Langley Writes

about her rich and random life

Moving House June 7, 2011

Filed under: general drivel — Langley Writes @ 10:28 am

I love this blog for the content (lots of stuff about family and friends ♥) but I am abandoning it. Though many people love WordPress, it isn’t right for me. I’ve learned a lot about Blogger and feel more familiar and, therefore, productive there. So I’m packing this up and moving it over there. I’m just getting the new one up and running but I’ll include the link, in case you want to join me there. I hope you do, it’s been nice interacting with all of you over here and I would hate to lose contact. So, without further blah, blah, here is the link:

My Rich and Random Life

See you soon! 🙂

 

Happy Mother’s Day and why I feel like a heel May 7, 2011

Filed under: family,general drivel,gratitude,happiness,holidays,joy,poems — Langley Writes @ 5:00 pm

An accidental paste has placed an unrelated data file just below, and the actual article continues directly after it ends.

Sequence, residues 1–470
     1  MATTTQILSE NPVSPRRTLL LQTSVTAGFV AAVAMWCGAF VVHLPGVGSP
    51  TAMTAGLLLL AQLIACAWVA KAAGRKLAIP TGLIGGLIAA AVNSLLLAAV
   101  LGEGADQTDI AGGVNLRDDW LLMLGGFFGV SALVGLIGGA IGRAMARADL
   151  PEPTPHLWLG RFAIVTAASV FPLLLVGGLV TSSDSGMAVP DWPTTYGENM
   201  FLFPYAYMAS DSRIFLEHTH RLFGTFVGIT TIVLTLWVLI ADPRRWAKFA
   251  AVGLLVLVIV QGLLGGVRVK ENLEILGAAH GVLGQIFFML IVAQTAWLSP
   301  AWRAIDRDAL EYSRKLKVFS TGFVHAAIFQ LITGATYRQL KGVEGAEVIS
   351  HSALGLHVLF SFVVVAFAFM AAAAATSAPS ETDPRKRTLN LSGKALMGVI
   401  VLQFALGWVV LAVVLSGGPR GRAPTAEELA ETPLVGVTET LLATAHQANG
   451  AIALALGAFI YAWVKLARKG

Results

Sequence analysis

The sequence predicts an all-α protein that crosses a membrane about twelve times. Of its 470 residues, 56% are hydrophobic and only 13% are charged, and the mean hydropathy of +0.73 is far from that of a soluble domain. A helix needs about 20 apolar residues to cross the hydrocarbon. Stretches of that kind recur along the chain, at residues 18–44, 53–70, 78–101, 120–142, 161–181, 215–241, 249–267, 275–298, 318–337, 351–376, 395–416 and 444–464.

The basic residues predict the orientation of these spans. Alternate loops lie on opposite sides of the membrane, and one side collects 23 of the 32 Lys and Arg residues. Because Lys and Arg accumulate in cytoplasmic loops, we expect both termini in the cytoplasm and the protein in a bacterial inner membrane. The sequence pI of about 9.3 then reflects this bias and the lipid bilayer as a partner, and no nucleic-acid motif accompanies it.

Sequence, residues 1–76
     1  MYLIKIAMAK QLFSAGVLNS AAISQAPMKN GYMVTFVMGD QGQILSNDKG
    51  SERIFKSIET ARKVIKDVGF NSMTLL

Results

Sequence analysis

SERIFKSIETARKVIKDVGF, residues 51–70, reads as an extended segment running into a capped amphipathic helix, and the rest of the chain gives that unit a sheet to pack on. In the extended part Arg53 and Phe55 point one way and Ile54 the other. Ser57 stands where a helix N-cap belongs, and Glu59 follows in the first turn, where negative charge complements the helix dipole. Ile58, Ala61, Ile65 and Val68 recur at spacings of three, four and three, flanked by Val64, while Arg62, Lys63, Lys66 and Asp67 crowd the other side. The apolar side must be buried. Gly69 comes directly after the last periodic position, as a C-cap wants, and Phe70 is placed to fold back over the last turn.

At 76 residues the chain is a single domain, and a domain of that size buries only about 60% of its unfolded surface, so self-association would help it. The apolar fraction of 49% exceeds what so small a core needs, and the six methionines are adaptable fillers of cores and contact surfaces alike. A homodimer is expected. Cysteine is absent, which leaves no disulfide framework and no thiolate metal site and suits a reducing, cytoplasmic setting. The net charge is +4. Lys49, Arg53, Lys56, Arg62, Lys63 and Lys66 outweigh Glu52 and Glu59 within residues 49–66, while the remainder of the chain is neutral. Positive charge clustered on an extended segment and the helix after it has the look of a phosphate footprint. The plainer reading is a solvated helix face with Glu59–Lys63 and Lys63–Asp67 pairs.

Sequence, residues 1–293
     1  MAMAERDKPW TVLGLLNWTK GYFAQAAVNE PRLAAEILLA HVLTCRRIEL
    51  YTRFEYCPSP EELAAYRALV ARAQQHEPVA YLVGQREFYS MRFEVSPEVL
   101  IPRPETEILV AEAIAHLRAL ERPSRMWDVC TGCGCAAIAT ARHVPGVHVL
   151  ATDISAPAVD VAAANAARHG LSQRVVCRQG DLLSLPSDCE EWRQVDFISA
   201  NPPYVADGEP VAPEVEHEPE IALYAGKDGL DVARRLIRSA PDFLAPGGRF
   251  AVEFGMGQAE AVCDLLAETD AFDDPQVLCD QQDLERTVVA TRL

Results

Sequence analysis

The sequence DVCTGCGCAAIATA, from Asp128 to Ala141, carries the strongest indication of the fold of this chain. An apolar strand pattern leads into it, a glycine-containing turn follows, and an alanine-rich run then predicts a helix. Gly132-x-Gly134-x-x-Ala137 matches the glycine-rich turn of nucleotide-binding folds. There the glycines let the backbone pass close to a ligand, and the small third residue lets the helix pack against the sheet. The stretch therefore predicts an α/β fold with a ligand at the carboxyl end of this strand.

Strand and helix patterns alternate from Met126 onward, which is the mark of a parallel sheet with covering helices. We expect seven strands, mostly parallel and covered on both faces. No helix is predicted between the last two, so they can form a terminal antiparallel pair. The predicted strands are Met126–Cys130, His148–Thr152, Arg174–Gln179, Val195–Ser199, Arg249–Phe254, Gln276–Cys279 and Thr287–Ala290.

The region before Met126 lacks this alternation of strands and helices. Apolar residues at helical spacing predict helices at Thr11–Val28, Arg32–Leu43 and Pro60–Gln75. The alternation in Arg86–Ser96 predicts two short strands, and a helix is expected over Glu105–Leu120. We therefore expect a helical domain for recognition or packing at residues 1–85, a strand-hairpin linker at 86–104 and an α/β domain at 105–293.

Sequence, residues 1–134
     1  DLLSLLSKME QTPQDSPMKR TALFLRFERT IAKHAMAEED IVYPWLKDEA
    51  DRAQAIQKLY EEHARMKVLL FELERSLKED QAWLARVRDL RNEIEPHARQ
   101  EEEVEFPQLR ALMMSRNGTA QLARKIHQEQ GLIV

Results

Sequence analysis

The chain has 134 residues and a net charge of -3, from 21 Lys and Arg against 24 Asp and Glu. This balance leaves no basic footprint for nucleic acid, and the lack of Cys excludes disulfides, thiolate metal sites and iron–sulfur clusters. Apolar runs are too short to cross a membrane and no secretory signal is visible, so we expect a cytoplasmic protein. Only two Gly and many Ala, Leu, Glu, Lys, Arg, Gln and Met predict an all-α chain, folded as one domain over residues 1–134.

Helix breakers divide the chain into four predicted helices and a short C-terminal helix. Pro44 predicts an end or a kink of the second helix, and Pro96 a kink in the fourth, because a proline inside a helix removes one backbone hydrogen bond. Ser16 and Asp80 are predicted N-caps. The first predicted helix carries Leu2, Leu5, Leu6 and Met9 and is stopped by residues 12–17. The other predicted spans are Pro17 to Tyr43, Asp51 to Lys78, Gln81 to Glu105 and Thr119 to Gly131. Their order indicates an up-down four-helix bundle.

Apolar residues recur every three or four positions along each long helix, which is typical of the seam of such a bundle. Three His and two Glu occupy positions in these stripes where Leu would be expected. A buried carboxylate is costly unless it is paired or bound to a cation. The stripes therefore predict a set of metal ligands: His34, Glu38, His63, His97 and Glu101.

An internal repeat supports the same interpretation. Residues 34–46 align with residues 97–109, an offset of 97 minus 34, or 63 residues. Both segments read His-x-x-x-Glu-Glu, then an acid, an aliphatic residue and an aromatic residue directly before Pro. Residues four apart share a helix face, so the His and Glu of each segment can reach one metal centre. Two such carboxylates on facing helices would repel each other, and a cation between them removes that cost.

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Tomorrow is Mother’s Day. Wow, it got here fast. In fact, it snuck up on me, caught me unaware and unprepared. In truth, I have loads of viable excuses but come on, we’re talking about Mother’s Day. I could have and should have done better.

My mom reads this blog and I know that she knows how much I love her, how much she means to me. She knows this because we have a mushy (and forgiving!) family. We hug and laugh and love to the extreme. Out loud. For the world to see. She knows. But still, it’s Mother’s Day.

Mom, in her interminable style and grace, has given me (another) pass. She allowed me to postpone our Mother’s Day celebration. My mother and I will not celebrate Mother’s Day tomorrow. Because we live in different states, we will celebrate in a few weeks, when we can be together. I can’t wait to see her.

Here’s an excerpt from a lighthearted Mother’s Day poem I wrote last year:

Mom finds humor every day
Her laughter fills the air
Family time was joyous
We didn’t have a care   read more…

I posted this on Facebook today and want to post it here too:

This pic is of Mom & Dad when they were in the hospital having me. Look how young they were! Mom, I'm posting this in honor of Mother's Day. I love you.

Guess what mom’s comment was. When she saw the post she wrote: Was I ever that young and that small? And just think… we brought home the prize!

What a sweetie. Happy Mother’s Day Mom!

(Mea maxima culpa. I hope my brother and/or my sister have my back tomorrow!)

 

My First Car was a VW April 27, 2011

Filed under: general drivel — Langley Writes @ 1:09 pm